RANZCR radiodiagnosis written exam (e-Film reading)

Dr Matt Andrews et al.

The RANZCR radiodiagnosis written exam (e-Film reading) is part of the RANZCR part 2 examination.


The exam consists of 8 questions of equal value. Each question comprises a case (or two) with a clinical history and relevant imaging with one or a number of different imaging modalities. Whereas previously the cases have been presented as 'hard-copy', since April 2013 the cases have been delivered electronically via a PACS viewer. To ensure loading times for cases are not too long, typically a select number of series/sequences are provided for each case. As with any PACS viewer, there are imaging tools such as magnification, windowing, measurements etc.

Answers are typed into text boxes under the following headings:

  • findings
  • likely diagnosis
  • differential diagnosis
  • further investigation or management.

Currently, it is only held in Sydney, Australia.


This examination tends to be the most time-constrained of all the RANZCR part 2 written exams, with 15 minutes per case/question if time is allocated evenly. A common technique is to limit each answer to, say, 12 minutes, which leaves 24 minutes at the end for reviewing answers.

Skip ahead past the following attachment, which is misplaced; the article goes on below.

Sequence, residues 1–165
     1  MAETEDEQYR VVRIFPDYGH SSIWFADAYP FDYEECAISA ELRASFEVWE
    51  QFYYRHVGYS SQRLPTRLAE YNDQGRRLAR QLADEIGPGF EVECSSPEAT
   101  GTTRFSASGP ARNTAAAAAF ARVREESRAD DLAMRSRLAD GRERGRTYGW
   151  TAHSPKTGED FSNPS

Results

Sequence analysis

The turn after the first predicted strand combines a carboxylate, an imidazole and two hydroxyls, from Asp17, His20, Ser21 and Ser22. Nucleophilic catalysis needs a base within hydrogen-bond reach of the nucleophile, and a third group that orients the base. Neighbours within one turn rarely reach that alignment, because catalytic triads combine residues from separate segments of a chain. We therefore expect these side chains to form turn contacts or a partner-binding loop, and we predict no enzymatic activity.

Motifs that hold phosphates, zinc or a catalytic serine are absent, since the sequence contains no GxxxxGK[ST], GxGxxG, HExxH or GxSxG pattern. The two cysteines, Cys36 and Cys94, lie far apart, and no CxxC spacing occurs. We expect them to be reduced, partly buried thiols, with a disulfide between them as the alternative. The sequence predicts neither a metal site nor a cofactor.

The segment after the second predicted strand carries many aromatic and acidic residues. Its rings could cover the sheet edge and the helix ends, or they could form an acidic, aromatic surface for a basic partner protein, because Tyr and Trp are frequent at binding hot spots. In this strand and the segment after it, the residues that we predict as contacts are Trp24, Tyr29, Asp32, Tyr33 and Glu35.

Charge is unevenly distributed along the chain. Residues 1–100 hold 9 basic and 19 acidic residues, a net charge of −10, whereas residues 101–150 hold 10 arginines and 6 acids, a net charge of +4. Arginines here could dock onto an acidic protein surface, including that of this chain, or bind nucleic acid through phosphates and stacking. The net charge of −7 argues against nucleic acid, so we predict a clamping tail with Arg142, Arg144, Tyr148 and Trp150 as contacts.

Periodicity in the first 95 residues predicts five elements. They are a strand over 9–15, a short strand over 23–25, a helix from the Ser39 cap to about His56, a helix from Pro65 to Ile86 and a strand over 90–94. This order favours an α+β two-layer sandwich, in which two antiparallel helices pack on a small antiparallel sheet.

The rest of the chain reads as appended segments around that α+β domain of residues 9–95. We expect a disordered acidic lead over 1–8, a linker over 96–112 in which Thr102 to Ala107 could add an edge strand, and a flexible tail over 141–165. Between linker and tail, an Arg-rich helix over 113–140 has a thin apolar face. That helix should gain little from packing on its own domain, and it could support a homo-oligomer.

It is important to note that the images may take as long as 1 minute to load for each case. For this reason, it may take a while to go back and forward between cases. Most candidates, therefore, tend to answer each case in the order that they are presented, rather than having a quick look at all the cases first and answering the ones they know best before tackling the more challenging cases.

The 4 text boxes (findings, likely diagnosis, differential diagnosis, and further investigation or management) provide the structure for your answer, with subheadings not required. Bullet points may be useful, especially in describing the findings (which tends to be the 'longest' of the answers). In some cases, there is no differential diagnosis, in which case this box does not need to be filled in.

As with the RANZCR anatomy paper 1 exam, typing skills are important; improving your typing speed will essentially provide you with more time to complete the exam. One tip from previous years is to type, rather than dictate, a few of your reports during your day to day work.

Note: details correct at time of writing. Please check with RANZCR for updated details. 

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